Children and young people’s mental health: peer support

Department for Education, March 2017

Summary of evidence examining the effectiveness of peer support for children and young people and its role in supporting mental health.

Click here to view the report.

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Meeting us where we’re at: Learning from INTEGRATE’s work with excluded young people

Centre for Mental Health, March 2017

Research consistently demonstrates that people experiencing material, racial and social disadvantage face poorer life chances. These can include risks to their mental health and becoming caught in cycles of offending.

This briefing summarises an evaluation of three pioneering projects in London developed by MAC-UK. The projects use the INTEGRATE approach, characterised by engaging young people through co-designing and co-delivering projects, and by securing referrals through peers.  The briefing also highlights some wider recommendations to young people’s services based on the research findings, including the value of peer team members and an emphasis on co-production.

Click here to view the briefing.

Improving the mental health of children and young people

Public Health England, December 2016

These reports describe the importance of mental health and wellbeing among children and young people and the case for investment in mental health. They also summarise the evidence of what works to improve mental health among children and young people in order to inform local transformation of services.

Click here to access these reports.

Children and young people’s mental health: Time to deliver – The report of the Independent Commission on Children and Young People’s Mental Health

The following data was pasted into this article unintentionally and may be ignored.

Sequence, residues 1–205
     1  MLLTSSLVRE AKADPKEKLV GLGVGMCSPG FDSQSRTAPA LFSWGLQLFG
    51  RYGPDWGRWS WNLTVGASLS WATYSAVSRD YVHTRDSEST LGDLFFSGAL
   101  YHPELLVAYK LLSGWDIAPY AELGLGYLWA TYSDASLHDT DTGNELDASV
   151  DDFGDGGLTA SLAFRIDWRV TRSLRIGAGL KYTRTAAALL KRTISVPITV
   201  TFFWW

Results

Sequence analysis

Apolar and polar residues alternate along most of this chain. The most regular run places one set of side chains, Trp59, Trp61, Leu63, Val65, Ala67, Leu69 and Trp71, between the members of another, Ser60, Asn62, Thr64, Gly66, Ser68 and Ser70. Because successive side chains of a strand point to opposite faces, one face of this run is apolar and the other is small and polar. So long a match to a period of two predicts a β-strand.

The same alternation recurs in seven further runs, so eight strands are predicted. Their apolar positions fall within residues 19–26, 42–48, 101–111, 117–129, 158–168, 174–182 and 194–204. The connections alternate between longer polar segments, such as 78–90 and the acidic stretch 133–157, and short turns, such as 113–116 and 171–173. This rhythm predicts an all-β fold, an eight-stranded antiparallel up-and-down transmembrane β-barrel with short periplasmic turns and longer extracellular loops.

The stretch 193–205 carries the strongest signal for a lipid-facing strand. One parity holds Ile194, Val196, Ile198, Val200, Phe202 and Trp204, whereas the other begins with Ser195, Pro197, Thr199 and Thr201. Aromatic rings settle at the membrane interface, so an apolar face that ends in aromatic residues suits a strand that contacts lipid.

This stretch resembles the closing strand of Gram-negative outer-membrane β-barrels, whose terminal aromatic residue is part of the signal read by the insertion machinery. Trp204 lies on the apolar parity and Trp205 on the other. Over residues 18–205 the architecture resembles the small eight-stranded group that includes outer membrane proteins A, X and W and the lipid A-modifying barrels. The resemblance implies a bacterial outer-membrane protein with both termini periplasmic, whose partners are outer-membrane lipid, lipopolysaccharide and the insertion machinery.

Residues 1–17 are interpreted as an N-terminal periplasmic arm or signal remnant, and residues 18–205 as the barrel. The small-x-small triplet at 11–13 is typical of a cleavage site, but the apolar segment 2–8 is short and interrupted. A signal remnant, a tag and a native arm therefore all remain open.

Educational Policy Institute, November 2016

The report represents the culmination of the Commission’s work over the last year, reflecting on progress made in transforming services following the government’s investment of £1.4bn in Children and young people’s mental health, announced in 2015. Based on its comprehensive research, the report sets out a number of new findings, and proposes a series of recommendations which it urges the government to adopt through the Challenge. This includes an ambitious programme of changes covering research and prevention, early intervention and improving access to quality services.

Click here to view this report.

What Really Matters in Children and Young People’s Mental Health

Children & Young People’s Mental Health Coalition, November 2016

This report is based on the findings of the Values-Based Child and Adolescent Mental Health System Commission, Chaired by Baroness Claire Tyler of Enfield.

The report makes a total of ten recommendations, including calling on governments to formally recognise schools as a crucial component of the Child and Adolescent Mental Health System in the following ways:

  • Schools should be able to teach children and young people about mental health in the same way they teach them about literacy or numeracy
  • Undertake mental health impact assessments to ensure that both schools/education policy and wider government policy and legislation are not detrimental to children and young people’s mental health
  • Ensure that schools are able to identify mental health issues and can easily signpost pupils to relevant support, either within the school or their local community, and have the accountability to do this.

Click here to view the full report.

Leading my life my way: young disabled people’s experiences of using services to live independent lives

Scope, November 2016

This report finds that young disabled people are experiencing poor quality care and support planning, a lack of information and advice tailored to their specific needs and expectations. The report calls for the government to look beyond funding support for the basics in social care to ensure that young disabled people are supported and enabled to live independent lives.

Click here to view the report.

Picture of health? Male representation in advertising & the media, and its effect on young boys

Advertising Association, August 2016

This report focuses on the way male models are portrayed in advertising and the media – particularly, whether boys are aware of digitally enhanced imagery and whether this impacts their behavior.

The researchers surveyed 1,005 boys from primary and secondary schools around the country to explore their attitudes towards advertising and body image, and conducted focus groups of boys aged 8 to 18 and with teachers, youth leaders and parents to understand the roots, effects and solutions to boys body confidence.

Click here to view the full report.